Force FTP File Download in Web Browser (VSFTP)

Hi everyone.

Here's my issue:

I have a CentOS 6.6 VSFTP server here setup using virtual user accounts. When users connect to the FTP server and attempt to download a .txt file, .pdf, or other document, their browser opens it in a new tab instead of downloading/saving it. I'd like to force files open in this FTP server to automatically be downloaded, specifically .txt files.

FTP root directory is /ftp, though virtual users are chrooted in their home directories. Directory structure is:
/ftp/user1/
/ftp/user2/
/ftp/user3/
etc

I've followed about a dozen different links of people posting similar issues, mostly related to creating a .htaccess file in the ftp root directory with the following (or similar) contents; however, I've had no success.
<FilesMatch "\.(?i:doc|odf|pdf|rtf|txt)$">
  Header set Content-Disposition attachment
</FilesMatch>

Is there a solution to this problem that will work with VSFTP?

Thank you for your time.
ovnadminAsked:
Who is Participating?
 
nociSoftware EngineerCommented:
hm.
Why not use a webserver to serve out your files.
FTP is actualy a bad protocol, requiring multiple ports, part of which are dynamic, which requires using plain text sessions so a firewall can keep track of those ports.
This causes passwords to be transmitted without encryption. So unless you use anonymous access FTP is bad.

Browsing using ftp make the browser have control on how data should be accessed.
A webserver can (to a certain extend) manipulate tags in the header that indicate how data should be treated. by making it a "binary" data-tag you can make the receiving end "not recognize it" which causes the file-save-as popup to select a filename.

afaik IE. doesn't completely listen to the (mime) tag, but uses the file extension, causing a run for a .txt or .pdf and that causes the file's handler to be activated. Which for a .pdf should f.e. open your file with acrobat reader.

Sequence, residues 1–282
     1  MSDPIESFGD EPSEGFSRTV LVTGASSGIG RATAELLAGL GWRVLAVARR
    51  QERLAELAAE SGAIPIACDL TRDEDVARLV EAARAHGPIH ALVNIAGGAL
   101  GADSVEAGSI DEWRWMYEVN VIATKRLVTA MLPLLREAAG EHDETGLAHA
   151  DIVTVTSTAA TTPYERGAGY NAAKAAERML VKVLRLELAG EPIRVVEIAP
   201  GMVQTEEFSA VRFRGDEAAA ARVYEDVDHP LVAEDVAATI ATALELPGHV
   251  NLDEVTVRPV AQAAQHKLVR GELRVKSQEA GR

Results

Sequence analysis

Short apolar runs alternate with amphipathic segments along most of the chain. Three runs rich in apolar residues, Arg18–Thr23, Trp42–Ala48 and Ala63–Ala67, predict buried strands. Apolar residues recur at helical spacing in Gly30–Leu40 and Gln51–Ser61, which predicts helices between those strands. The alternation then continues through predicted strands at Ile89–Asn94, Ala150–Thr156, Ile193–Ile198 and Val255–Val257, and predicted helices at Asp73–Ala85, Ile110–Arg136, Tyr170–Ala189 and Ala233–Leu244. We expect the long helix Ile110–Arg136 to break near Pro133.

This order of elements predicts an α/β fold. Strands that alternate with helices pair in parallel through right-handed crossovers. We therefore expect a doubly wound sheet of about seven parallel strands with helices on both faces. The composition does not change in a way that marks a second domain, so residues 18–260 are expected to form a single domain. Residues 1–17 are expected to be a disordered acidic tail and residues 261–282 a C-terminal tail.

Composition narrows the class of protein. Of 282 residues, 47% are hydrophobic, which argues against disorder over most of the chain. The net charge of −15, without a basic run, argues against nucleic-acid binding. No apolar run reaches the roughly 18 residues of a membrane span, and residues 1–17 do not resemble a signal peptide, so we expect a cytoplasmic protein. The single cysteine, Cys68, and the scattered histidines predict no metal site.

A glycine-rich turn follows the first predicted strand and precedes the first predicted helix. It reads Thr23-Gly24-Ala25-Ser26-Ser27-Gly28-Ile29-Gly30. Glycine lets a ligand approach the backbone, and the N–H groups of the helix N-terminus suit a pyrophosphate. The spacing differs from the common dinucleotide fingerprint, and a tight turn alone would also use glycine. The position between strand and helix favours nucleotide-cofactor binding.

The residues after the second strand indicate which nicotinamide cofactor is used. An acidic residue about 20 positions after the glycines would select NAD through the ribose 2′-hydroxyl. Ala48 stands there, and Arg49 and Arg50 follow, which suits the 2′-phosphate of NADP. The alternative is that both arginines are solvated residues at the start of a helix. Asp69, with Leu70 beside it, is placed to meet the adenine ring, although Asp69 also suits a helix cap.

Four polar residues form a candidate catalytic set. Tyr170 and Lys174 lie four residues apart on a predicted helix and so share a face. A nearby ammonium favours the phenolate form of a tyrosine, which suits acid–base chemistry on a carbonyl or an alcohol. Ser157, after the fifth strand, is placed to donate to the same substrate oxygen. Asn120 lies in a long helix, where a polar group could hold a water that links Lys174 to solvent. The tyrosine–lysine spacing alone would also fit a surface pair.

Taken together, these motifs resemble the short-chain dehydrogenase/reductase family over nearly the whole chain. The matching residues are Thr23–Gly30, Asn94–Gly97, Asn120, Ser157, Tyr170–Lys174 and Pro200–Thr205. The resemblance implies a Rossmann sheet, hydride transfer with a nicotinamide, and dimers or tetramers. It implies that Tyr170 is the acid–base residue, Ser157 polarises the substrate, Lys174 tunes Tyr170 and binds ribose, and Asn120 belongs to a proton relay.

Now if the contents is a windows executable, with .pdf in the name, that might get the program be executed in stead of acrobat reader....

So short version: use web server (best with https access, for security & privacy), and try to force a binary mime-tag on a transfer and avoid IE on the client side.
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ovnadminAuthor Commented:
So short version: use web server (best with https access, for security & privacy), and try to force a binary mime-tag on a transfer and avoid IE on the client side.

Noci,

Unfortunately, we cannot use a web server for this application as this FTP server is integrated with our product line and used by those products in the field. In this particular case, I need users at a remote location to have access to a single text file. FTP and works well with the added step of right clicking the link and selecting "save link as" on the document that's needed. I'm just trying to simplify the download process a bit.
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gheistCommented:
If it is about downloading - really go with http... Your customers will become 8,3% happier.
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nociSoftware EngineerCommented:
sorry the ftp server cannot influence the browser to have a different view on the downloaded file.
Changing the extension to .bin might help, in that case the users need to rename the file locally.
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ovnadminAuthor Commented:
Hello,

Unfortunately, we were not able to force file downloads via FTP in the web browser, so, as you suggested, we rebuilt this solution as a web server and used apache to host the files that were needed.  

Thanks again for your advice!
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